Pros of a Wet County

Some folks call Angelina the wettest dry county in East Texas, but on November 7th, Angelina County residents will have a chance to officially expand alcohol sales. Voters will decide on Propositions 1 and 2.

One proposition is to allow beer and wine sales for off-premise consumption only. That means alcohol would only be sold in grocery and convenience stores. A second proposition will allow restaurants to sell mixed drinks without a required membership.

Angelina County has been dry since 1936 and some residents believe that's long enough.

Oscar Dillahunty filed the wet/dry petition that is now on the ballot. He said, "It would make a difference to people like myself who drive across the river to get it. It would keep us home, keep my drink fresh, and make a lot of difference to the way we get it."

Those against retail alcohol sales believe more kids would have access to booze which could lead to more drunk driving wrecks, but Dillahunty's supporters do not believe it.

"I don't think there will be more drinking by teenagers or more DWIs," said Lufkin resident, Sarah Strinden. "You can read any paper on any given day and see two or three infractions already. I think if anything, people won't have to go so far to get their alcohol. The few times I go get beer and wine, it's just so inconvenient to have to drive so far and if you don't pre-plan ahead, it's at least a 20-, 30-minute car ride [there] and back."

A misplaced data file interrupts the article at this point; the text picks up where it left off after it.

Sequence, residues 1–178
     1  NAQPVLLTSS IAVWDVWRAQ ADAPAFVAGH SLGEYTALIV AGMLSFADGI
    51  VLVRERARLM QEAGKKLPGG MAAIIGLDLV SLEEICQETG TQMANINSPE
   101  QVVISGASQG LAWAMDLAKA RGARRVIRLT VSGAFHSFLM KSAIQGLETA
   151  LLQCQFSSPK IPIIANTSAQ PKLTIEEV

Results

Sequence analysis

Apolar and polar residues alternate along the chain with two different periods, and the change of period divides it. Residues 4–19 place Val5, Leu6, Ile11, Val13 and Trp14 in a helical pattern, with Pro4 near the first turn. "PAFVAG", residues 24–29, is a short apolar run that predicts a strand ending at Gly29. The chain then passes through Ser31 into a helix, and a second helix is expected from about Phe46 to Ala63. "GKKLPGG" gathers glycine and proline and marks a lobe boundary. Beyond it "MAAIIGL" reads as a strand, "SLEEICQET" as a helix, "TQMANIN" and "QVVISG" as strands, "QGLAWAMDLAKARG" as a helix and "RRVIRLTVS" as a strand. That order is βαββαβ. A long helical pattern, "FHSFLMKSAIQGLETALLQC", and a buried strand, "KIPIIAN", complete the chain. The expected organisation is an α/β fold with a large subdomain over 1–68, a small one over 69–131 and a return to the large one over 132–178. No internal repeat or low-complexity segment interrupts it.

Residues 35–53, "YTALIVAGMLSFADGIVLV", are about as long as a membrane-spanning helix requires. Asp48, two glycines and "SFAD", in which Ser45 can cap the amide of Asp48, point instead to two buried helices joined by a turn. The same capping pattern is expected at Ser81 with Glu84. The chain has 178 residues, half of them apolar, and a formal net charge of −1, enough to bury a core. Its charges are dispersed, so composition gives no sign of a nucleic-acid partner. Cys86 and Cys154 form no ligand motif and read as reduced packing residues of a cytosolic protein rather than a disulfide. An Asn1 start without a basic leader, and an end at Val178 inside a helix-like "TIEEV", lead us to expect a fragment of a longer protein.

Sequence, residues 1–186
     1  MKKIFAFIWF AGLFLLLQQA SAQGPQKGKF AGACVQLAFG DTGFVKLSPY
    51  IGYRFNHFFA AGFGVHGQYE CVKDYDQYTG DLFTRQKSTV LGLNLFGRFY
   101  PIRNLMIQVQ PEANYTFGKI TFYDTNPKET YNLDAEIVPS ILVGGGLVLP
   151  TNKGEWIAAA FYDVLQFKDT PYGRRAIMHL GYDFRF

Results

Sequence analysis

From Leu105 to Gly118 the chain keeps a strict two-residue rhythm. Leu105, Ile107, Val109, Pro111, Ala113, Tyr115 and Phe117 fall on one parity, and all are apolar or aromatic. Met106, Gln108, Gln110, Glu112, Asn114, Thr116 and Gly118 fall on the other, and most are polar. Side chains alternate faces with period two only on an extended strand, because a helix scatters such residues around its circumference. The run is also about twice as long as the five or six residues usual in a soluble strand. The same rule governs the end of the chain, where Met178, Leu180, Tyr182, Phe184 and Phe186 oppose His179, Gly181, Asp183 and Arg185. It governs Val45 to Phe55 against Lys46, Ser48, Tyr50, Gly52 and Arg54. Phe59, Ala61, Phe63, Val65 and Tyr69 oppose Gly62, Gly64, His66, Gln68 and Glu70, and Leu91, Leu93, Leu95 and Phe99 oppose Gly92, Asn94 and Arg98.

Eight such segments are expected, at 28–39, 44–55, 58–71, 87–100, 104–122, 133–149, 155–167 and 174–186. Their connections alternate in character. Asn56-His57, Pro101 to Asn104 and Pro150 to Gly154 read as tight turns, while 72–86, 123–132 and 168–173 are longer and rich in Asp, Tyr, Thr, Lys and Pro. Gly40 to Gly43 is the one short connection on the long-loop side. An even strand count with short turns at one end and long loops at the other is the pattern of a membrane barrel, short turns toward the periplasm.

John Hatch agrees. He is a partner with Texas Petition Strategies. His firm helped Dillahunty gather enough valid signatures to get the wet/dry issue on the ballot in Angelina County. Ninety-two percent of his petitions have successfully passed the election process.

"The opposition wants you to believe the more alcohol outlets - the higher the crime; the more alcohol outlets - the higher the DWIs and the alcohol accidents," Hatch said. "The real studies show that it is exactly the opposite. I think that's going to be the main issue that we have to get out to the community: don't buy the rhetoric, check out the facts."

And the facts are only 42 of the 254 counties in Texas are dry. If Angelina County drops off that list, there could be at least 30 new jobs created because of new warehouses that would be built after the election. Millions of new dollars in sales tax revenue would also be a possibility.